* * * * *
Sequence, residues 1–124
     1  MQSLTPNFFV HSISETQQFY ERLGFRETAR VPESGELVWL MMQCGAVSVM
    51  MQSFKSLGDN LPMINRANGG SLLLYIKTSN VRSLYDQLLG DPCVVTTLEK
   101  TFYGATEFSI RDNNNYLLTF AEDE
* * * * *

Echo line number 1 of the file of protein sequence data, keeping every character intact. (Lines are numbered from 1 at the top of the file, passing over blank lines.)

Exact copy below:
Sequence, residues 1–124